Center: Dovidl (played by Luke Doyle)
© Sabrina Lantos. Courtesy Sony Pictures Classics.
Classical-music fans, especially fans of the violin and its literature, will want to know about the upcoming (opening in selected cities December 25, 2019; nationwide in January) big-screen theatrical release of the film The Song of Names, based on Norman Lebrecht’s prize-winning novel of the same name. The director is François Girard (The Red Violin, Thirty Two Short Films About Glenn Gould); for that reason we can have a high degree of confidence that great care has been taken in getting the musical details right. But all that is not to say that people whose primary musical orientation is other than classical will not also appreciate the film. The plot is compelling, the characters are intriguing, the cinematography is atmospheric, and the film score is by Howard Shore, of Lord of the Rings fame.
Here’s what the film’s US distributor Sony Pictures Classics says about the setup of the film’s action, much of which is told in flashbacks:
Martin Simmonds (Tim Roth) has been haunted throughout his life by the mysterious disappearance of his “brother” and extraordinary best friend, a Polish Jewish virtuoso violinist, Dovidl Rapaport, who vanished shortly before the 1951 London debut concert that would have launched his brilliant career. Thirty-five years later, Martin discovers that Dovidl (Clive Owen) may still be alive, and sets out on an obsessive intercontinental search to find him and learn why he left.
What interests me most, of course, is how successful the production crew has been at allowing the audience to suspend disbelief and accept that the actors on screen are actually playing the violin. Based on what I have seen, I think they have done a very impressive job. Further explanation, the trailer, and a mini-feature on the teenage actor who is also a genuine violin virtuoso, after the jump.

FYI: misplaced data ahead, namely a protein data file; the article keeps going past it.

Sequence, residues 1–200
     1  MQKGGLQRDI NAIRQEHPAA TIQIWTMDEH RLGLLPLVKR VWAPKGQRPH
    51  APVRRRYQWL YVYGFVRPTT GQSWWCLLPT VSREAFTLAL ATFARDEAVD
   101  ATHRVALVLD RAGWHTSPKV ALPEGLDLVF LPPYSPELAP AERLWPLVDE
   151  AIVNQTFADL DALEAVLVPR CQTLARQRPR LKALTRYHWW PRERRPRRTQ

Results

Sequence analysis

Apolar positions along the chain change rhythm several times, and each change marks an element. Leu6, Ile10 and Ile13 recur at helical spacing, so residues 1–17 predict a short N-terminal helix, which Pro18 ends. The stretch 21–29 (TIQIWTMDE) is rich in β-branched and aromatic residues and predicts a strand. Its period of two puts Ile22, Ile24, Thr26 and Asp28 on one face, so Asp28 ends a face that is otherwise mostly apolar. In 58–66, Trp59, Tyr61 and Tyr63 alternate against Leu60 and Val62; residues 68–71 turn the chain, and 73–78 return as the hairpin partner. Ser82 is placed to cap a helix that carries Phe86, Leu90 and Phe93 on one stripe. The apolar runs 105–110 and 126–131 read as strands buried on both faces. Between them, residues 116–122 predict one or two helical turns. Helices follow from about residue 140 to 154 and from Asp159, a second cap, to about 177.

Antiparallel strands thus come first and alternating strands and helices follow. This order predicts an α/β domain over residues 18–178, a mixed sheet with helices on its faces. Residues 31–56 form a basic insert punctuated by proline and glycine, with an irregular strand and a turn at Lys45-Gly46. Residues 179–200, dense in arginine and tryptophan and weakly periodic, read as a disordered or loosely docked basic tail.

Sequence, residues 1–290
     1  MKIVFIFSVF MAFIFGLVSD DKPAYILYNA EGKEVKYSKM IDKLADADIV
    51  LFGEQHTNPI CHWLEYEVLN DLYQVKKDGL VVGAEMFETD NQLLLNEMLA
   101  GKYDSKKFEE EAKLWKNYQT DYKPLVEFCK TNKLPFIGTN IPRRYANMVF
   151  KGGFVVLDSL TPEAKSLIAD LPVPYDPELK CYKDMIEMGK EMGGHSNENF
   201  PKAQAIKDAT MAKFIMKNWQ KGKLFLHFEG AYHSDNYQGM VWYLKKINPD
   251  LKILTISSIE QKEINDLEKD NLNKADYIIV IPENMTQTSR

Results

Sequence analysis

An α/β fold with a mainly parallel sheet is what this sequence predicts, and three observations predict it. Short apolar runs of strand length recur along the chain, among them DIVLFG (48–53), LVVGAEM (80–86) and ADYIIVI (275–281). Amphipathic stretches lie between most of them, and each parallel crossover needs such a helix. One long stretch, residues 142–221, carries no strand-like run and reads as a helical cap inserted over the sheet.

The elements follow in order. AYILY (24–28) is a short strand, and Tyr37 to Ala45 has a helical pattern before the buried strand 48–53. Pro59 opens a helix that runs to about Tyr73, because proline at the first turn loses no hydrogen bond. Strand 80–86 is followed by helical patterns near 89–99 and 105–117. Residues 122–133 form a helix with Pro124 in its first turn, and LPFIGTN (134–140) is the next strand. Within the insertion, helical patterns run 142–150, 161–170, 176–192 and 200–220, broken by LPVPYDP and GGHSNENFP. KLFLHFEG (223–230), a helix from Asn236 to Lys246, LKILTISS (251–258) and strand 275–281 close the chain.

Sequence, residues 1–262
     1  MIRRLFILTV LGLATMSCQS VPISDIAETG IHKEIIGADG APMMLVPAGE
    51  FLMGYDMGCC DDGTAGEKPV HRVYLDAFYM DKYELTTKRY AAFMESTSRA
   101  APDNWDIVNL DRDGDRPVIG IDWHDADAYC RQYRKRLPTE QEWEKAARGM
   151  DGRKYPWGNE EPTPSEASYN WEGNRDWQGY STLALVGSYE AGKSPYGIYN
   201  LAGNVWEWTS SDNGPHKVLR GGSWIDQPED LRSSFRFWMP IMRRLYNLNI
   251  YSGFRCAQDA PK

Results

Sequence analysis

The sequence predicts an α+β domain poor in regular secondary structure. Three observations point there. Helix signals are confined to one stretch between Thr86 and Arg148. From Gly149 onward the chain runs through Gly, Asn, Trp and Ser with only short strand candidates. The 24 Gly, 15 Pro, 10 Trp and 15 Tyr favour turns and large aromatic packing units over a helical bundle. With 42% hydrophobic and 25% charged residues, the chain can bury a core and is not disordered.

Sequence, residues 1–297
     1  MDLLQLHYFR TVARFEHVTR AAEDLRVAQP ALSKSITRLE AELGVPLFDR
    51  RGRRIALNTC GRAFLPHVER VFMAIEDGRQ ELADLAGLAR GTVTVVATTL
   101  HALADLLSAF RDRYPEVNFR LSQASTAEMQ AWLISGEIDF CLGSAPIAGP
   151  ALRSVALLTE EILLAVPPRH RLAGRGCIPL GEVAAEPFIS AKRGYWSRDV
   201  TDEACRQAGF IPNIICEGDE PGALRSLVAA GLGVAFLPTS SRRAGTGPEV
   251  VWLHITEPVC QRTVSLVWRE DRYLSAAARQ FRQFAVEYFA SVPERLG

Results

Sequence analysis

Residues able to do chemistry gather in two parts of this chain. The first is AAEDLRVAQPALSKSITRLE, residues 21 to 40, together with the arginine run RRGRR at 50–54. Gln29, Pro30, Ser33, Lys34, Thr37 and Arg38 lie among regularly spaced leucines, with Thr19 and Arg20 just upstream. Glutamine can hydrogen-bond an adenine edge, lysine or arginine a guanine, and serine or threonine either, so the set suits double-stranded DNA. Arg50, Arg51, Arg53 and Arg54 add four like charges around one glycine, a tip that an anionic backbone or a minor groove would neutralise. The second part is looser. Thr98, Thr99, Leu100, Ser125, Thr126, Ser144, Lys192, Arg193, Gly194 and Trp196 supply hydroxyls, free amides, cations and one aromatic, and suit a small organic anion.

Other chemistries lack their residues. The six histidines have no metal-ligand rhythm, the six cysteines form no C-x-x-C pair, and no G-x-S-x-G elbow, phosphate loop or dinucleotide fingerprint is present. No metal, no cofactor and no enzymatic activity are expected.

The musical form I had the most commercial success in (as a classical-music record producer and label owner), was the string quartet. Granted, my remarkably successful string-quartet recordings consisted of quartet arrangements of sacred and traditional Christmas music. But those recordings are a lot more “classical” in character than “crossover” in character. In other words, no Frosty and no Rudolph. My three original JMR Arturo Delmoni & Friends Rejoice! A String Quartet Christmas CDs have been reissued by Steinway & Sons Recordings as a 3-CD set.
Whatever happens to me from here on out, evidence of my devotion to the string-quartet form will live on. That’s because I am the dedicatee of Morten Lauridsen’s (to-date) sole work in that genre, a transcription for string quartet of his chamber-choir chanson “Contre Qui, Rose.” “Contre Qui, Rose” is one of Lauridsen’s settings of Rainer Maria Rilke’s French-language poems. Lauridsen chose among the Rilke poems that mentioned roses for his 1993 cycle Les Chansons des Roses. The story continues after the jump link. Continue Reading →
Photo credit: Geoff Zagarola of La Naranja eBay auctions.